Fruit grower tests high-nutrition, unusual crops
When Dale Secher began operating Carandale Farm in Oregon, Wis., 40 years ago, his major goal was to provide healthy, nutritional food for people in the area. Today, along with his wife Cindy, they use as few chemicals as possible on the strawberries, fall raspberries, Concord grapes and other fruits they grow, and they are achieving success with unusual fruits that have potential to be regionally produced and sold.
“Over time, I became very interested in the tremendous resources that are being used to ship food from all over the world. I feel there is a complementary food item that can be produced regionally,” says Secher, who has devoted 3 of his 118 acres to test plots for the experimental growing of high-nutrition, unusual fruits.
“The idea is that these fruit crops have to be economically sustainable—a grower has to be able to grow them profitably; they have to be environmentally sustainable over the long term—they can’t mine the environment and create environmental debt; and they have to be socially sustainable—in other words, keep the distribution of wealth local,” he says.
The Sechers started their test plots in 2003 after seeing a catalog from a nursery “that had Asian and European connections,” he says. Initial funding assistance came through a Wisconsin Department of Agriculture, Trade and Consumer Protection competitive grant for projects that are likely to stimulate the state’s agricultural economy. “The cost of this is not cheap,” Secher notes. Funding from grants for the first three years assisted the Sechers with taking land out of production, purchasing materials from around the world, installing a deer fence and various other costs. Since that time, they have funded the continuing testing on their own.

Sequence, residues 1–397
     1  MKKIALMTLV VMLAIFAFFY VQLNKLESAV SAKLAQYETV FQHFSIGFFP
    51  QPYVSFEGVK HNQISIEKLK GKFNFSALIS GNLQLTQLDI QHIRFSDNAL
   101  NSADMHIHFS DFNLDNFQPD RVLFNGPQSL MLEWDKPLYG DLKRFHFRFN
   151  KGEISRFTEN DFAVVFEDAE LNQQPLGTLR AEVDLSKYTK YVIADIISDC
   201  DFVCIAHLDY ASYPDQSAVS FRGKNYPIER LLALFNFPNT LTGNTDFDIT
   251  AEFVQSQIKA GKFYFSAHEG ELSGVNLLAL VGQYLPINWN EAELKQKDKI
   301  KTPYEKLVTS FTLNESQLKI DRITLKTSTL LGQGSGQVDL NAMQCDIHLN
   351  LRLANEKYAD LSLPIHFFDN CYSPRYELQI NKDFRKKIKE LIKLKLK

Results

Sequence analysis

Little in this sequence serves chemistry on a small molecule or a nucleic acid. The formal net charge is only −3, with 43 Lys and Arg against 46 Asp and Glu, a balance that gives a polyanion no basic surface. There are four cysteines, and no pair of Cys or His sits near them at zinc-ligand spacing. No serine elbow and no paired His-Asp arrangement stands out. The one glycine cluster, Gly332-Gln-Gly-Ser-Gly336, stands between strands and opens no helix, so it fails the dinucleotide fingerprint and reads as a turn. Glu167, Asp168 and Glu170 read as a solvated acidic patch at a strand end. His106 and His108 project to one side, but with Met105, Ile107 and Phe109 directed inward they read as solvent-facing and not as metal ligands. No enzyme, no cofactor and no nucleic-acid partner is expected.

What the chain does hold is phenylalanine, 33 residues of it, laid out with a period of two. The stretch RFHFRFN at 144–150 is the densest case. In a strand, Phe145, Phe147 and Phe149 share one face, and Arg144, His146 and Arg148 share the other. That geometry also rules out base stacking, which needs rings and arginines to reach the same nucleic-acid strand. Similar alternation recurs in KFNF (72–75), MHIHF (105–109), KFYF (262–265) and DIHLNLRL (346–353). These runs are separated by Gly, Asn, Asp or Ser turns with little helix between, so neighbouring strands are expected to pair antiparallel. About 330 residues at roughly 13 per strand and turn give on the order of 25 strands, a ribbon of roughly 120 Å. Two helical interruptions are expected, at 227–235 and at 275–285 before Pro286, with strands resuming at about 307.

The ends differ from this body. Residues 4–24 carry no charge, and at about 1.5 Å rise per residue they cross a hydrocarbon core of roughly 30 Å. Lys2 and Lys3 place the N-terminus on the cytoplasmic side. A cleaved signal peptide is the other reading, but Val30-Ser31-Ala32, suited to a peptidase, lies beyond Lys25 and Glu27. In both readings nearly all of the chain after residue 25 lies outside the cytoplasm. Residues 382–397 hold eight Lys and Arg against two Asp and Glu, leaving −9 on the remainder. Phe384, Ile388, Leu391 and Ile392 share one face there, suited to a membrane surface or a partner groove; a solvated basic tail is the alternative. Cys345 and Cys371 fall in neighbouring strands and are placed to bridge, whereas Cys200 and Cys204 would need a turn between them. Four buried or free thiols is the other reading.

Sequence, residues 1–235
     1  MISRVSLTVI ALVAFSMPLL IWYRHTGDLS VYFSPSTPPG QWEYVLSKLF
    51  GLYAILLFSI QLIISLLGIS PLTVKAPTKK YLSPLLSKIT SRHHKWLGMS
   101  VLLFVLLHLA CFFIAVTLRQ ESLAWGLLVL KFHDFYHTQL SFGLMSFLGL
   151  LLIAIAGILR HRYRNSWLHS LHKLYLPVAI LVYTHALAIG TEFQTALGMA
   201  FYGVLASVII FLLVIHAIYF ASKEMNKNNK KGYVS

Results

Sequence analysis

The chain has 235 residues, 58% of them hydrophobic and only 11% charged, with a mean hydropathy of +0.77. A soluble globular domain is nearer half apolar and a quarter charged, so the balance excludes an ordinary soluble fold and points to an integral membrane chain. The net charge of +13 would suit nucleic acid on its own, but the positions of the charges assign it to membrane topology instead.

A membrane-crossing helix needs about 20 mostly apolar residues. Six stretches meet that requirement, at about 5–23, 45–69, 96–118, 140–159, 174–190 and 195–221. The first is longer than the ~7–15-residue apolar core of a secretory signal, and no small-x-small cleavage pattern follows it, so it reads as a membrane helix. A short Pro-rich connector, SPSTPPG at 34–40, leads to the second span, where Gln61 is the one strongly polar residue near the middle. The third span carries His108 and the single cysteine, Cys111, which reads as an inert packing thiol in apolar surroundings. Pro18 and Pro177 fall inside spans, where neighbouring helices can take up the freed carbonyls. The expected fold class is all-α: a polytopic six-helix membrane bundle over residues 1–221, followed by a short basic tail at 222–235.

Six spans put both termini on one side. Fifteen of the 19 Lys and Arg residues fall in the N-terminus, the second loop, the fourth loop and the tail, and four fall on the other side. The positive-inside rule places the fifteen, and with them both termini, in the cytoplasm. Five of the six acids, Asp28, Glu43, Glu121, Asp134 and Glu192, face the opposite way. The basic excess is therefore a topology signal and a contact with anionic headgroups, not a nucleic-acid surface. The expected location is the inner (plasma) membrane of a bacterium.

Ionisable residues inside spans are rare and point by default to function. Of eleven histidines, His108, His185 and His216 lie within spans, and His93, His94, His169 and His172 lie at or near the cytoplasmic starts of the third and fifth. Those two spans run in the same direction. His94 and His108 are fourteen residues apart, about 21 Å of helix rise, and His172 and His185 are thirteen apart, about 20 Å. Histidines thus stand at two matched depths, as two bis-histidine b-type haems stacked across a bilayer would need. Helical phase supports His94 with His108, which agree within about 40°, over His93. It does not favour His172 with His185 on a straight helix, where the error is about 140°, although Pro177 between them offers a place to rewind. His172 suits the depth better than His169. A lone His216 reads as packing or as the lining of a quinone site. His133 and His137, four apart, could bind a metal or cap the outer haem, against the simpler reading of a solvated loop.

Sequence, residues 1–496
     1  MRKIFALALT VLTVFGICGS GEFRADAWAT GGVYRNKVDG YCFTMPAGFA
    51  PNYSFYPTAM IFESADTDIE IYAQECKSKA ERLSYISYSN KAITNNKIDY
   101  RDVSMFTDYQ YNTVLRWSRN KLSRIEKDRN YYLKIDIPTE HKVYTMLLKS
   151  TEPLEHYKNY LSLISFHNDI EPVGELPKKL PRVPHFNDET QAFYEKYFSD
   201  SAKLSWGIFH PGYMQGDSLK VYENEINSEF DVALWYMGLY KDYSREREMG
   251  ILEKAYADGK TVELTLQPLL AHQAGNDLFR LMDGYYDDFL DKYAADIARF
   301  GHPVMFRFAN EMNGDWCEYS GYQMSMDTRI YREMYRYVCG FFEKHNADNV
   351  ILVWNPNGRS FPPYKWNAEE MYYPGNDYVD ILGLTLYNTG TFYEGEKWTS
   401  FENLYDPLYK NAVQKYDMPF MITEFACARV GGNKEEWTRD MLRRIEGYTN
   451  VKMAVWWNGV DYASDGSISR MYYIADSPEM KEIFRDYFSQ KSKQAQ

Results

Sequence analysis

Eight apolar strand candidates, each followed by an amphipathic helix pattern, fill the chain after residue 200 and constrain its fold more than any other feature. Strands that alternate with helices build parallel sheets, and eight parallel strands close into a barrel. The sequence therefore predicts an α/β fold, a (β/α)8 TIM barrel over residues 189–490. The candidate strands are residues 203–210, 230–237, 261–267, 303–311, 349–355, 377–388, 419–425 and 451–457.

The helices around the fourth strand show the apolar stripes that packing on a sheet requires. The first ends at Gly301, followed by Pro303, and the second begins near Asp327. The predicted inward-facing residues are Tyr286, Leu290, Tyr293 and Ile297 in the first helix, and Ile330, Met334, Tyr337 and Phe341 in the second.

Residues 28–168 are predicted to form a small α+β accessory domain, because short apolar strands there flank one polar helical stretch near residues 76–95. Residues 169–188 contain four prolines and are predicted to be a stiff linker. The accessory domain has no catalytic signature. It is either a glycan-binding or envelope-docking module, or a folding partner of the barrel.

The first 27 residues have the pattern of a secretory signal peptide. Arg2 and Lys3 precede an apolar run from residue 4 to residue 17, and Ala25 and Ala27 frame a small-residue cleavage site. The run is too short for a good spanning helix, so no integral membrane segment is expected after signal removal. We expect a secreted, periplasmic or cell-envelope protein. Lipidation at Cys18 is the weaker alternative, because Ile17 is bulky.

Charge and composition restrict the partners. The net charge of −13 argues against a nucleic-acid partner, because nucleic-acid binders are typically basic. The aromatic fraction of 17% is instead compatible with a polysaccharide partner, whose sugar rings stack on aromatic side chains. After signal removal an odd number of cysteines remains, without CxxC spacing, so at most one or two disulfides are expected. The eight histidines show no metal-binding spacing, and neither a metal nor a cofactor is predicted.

Aronia, the “super berry”
The unusual and little known fruit crops from around the world the Sechers have grown are evaluated for a number of factors. These include …
- whether or not they are “grower-friendly” (how easy or difficult they are to grow, including how labor-intensive they are);
- how susceptible they are to pests and diseases (and whether or not they can be grown with the use of no chemicals or with the use of very few chemicals, using an integrated pest management (IPM) approach);
- how well they adapt to soil conditions in the Midwest;
- whether they have the potential to be profitable for the grower; and
- the quality of the fruit itself.
All of the fruits must also have high nutritional value. Among the many fruits the Sechers have tested that have not done well are Ukranian Persimmon, which is struggling to survive; Cherry Prinsepia, which was adaptable, but eliminated from the Sechers’ test plot last year because the fruit quality was unacceptable; Magnolia vine, which appears to be sensitive to hot summer temperatures and may not adapt to the clay-based soils in the region; and pawpaw, which remains in the trial, but appears to lack hardiness and adaptability in the region.
The three high-nutrition fruits that the Sechers have determined are very adaptable and ready for large-scale production and marketing trials:
- Aronia—Also called the “super berry,” Aronia has approximately three times the antioxidant content of blueberries and is the most grower-friendly fruit crop the Sechers have tested to date. A deciduous shrub native to eastern North America, Aronia has multiple canes, spreads readily by root sprouts, is adaptable to a wide range of soil types and is resistant to drought, insects, pollution, wind and disease. It can be mechanically harvested and has a long harvest window. Aronia is not a fresh eating berry because it has high tannin content, but the taste can be mitigated with processing.
- European black currant—Four different cultivars are being evaluated, but overall, the European black currant has adapted and fruited well. While this fruit will also require some processing to achieve its marketing potential, the Sechers believe it can be grown in an environmentally friendly manner in the Midwest region. This is a popular fruit in Europe, in part because of its high vitamin C content.